(1967) Peggy Seeger & Mike Seeger – Peggy ´n Mike
never issued on CD
Mike Seeger and Peggy Seeger – vocals, guitar, banjo, harmonica, dulcimer, banjo, autoharp
Worried man blues – MS lead vocals, PS harmony
Arizona – MS vocals
Come all ye fair and tender Ladies – PS unaccompanied
Little Birdie (Peggy Seeeger) – MS & PS vocals
Old shoes and leggings – MS & PS vocals
John Riley – PS vocal
A miner’s prayer – PS lead vocals, MS chorus harmony
Lord Thomas and Fair Ellender – MS lead vocals, PS harmony vocals
Shady Grove – MS vocals
Fod – MS & PS vocals
The Streets of Laredo – MS lead vocals
The Soldier’s Farewell – PS vocals
When first to this country a stranger I came – MS lead vocals, PS harmony
A drunkard’s child (Rodgers) – MS & PS vocals
Clinch Mountain Backstep (Stanley) – MS banjo
The Romish Lady – MS lead vocal, PS harmony
Single Girl – PS vocals
The Ram of Derby – PS lead vocal, MS chorus
All songs trad unless otherwise indicated
An album a year – two if you were lucky and padded the two singles out with fillers. That was the norm for most recording artists in the mid-sixties, wasn’t it?
Between 1966 and 1968, Peggy Seeger averaged at least seven albums a year as a performer for Argo (with and without Ewan MacColl) and a further half dozen a year as music supervisor/director/collaborator on Argo anthologies and stuff like albums by the Critics Group.
What with the singing workshops, the song writing, the research, and the public performances, you wonder where she found the time. And she had two children under the age of ten at the time.
IN THE GENES
Peggy and her brother Mike probably hadn’t seen a lot of each other in the ten years since they last recorded an album together (American Folk Songs – 1957). Mike had gone straight on to found the New Lost City Ramblers (in 1958) with John Cohen and Tom Paley. Peggy had gone straight over to the other side of the Atlantic, met Ewan MacColl and eventually stayed.
Mind you, putting together this album probably didn’t take that long. Not because it doesn’t sound really good. Quite the opposite. It sounds effortless. Mike Seeger, as Dylan said, had this stuff in his genes. Ditto Peggy, being his sister.
Not much need for re-takes, you imagine.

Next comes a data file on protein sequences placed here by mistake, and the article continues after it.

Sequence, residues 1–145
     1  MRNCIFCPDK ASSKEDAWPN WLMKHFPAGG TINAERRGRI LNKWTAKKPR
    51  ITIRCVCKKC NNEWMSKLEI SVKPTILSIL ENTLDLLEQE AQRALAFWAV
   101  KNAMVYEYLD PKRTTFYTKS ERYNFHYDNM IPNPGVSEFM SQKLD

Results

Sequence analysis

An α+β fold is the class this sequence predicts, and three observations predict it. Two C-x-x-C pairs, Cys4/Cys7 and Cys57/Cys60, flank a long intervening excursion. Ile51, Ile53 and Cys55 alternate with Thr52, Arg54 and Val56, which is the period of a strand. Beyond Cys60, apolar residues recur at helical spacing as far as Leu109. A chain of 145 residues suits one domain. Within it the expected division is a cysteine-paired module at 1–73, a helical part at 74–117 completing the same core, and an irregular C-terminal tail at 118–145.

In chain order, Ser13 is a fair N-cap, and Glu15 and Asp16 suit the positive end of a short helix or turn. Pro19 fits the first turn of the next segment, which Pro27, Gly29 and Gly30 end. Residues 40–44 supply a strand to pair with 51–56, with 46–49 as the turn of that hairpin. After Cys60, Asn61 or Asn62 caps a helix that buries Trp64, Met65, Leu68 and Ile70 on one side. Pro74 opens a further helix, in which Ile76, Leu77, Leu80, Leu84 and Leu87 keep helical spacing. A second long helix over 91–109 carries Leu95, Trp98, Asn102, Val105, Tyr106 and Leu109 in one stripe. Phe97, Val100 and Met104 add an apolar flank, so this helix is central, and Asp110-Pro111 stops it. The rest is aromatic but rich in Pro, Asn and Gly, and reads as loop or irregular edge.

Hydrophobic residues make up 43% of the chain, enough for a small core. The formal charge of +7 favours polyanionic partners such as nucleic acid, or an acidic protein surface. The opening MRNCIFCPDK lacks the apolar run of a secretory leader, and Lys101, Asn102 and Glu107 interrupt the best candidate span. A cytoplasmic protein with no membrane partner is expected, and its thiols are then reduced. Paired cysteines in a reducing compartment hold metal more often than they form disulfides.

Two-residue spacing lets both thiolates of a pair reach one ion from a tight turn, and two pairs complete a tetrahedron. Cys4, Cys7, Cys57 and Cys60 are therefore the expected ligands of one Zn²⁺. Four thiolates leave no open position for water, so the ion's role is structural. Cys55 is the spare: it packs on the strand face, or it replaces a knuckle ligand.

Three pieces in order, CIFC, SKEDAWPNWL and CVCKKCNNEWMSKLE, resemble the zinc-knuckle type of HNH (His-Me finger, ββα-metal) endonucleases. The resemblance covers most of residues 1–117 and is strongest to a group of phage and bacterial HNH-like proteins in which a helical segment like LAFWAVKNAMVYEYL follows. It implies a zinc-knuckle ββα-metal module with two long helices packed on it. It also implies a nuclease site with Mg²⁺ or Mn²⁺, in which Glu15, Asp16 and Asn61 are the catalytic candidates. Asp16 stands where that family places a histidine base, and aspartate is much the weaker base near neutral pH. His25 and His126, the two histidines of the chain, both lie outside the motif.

NOT YOUR USUAL CITY-BILLIES
Not sure it was their genes, though. More that they were raised in a house where, as their father Charles put it, this music resounded morning, noon and night.
“The children had not learned their stuff later in life after first becoming saturated with urban popular and fine arts, as has the usual city-billy,” Seeger senior said, “but rather in their basinettes and pens, years before much of any other kind of music reached their ears.”
“By the time she was three, Peggy, for example, had a very respectable repertory of ballads, game and love songs,” he recalled. “Before they reached their teens, Michael and Peggy were delighting miscellaneous gatherings and meetings with ‘My Father is a Drunkard’, ‘The Roving Gambler’ and ‘Careless Love’ (unexpurgated and unaccompanied) with original descants.”
Here’s Mike Seeger talking about their childhood:
“My father and mother had a mission to keep this kind of music alive because they believed in its inherent musical value and its cultural value. Because it’s been straighjt mouth to ear without commercial intervention. The commercial domination of records and radio have skewed American cultural life.
“They saw that happening and so they brought us kids up with a counter to that and refused to have a radio in the house, for instance. But they did have Fats Domino and Stan Kenton. The mission rubbed off on me and my sister Peggy.”
Mike Seeger died in August, 2009. For an appreciation of his remarkable life from the Smithsonian Folkways website, click here.
After moving back to the States in 1994 Peggy said she was rediscovering the pleasure of singing with Mike and their brother Pete. “I was so long in England that I lost touch with the dynamics and personnel of my birth family,” she said on her website.
In 2010 she moved back to England.